Sustainability Studio (2010) Dossier
This is an excerpt from the HDL Challenge Briefing on Sustainability
Climate change is the symptom of a problem; the byproduct of a market failure whose externalities will likely limit future growth. Unlike other problems faced by past societies such as war or famine, the invisible pathology of climate change has also been the engine of global prosperity.
Carbon emissions are our best metric of this failure. Evidence shows that emissions have increased along with economic growth since the industrial revolution. In the last two hundred years the global economy has grown six-fold. This growth, and the unprecedented rate of convergence between developing and developed nations, reflects the tremendous momentum afforded by fossil-fueled growth. The expediency of transforming fossils to energy continues to provide the base material of the built environment and development worldwide.
Given the conflict between this deeply embedded system of growth and the urgency to reduce human impact on the earth’s ecological systems, the defining challenge of this decade will be to decouple development from combustion.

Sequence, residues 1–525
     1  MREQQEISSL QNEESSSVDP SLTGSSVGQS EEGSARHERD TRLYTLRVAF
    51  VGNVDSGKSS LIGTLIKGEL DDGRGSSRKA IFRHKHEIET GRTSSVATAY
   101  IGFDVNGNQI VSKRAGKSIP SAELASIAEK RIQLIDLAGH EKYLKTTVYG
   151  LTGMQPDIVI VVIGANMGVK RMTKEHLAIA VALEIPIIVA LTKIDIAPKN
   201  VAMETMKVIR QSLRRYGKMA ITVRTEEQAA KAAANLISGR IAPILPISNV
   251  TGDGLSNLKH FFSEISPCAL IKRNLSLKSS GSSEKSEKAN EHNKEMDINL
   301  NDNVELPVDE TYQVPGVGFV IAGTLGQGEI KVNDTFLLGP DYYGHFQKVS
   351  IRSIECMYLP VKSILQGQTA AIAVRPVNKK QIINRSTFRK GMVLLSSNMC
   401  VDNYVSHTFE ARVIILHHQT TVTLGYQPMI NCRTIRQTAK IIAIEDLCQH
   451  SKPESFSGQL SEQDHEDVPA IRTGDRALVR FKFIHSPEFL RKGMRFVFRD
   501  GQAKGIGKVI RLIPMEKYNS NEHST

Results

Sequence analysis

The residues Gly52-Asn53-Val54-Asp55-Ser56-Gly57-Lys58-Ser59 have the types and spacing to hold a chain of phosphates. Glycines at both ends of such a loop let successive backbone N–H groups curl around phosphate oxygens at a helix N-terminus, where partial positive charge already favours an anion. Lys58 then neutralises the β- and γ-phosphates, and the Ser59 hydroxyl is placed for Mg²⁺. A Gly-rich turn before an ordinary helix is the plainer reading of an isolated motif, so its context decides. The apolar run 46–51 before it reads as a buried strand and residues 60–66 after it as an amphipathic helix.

Economic growth, the built environment, municipal services, transportation, even agriculture, all rely on combustion, and our core systems of valuation require that the impacts of combustion be ignored. Thus, no individual, firm or government can transform the practices that drive growth—it will require an architecture of solutions and actors.
The development of a widespread economic imperative for restricting carbon emissions seems unlikely in the near or medium terms. As was demonstrated during the Copenhagen Climate Conference, a global binding pact on climate change will not happen soon. Enforcement is even more distant.
Addressing this challenge is not just about protecting ecological systems: it is about creating an opportunity. In the coming decades, a new frontier of competitiveness will open between nations—there will be buyers and sellers of the expertise, technology, and models that thrive in a carbon-restricted economy.
With a decade of crises just behind us, and more on the horizon, the political and economic climate appears too conflicted to shoulder this scale of change. Yet signals from all sectors and most governments suggest that we have reached an inflection point, one that signals the onset of change. While a formal agreement was not reached at Copenhagen, the event revealed that the topic of climate change had now engaged not only the environmental ministries, but also heads of state.
The stage is set for the evolution of environmental policies into comprehensive economic and social transformations. For those who want to foster a productive natural environment, as well as ensure success in the impending regulatory environment and emerging markets, the time to act is now.
Source: HDL Challenge Briefing on Sustainability 1.0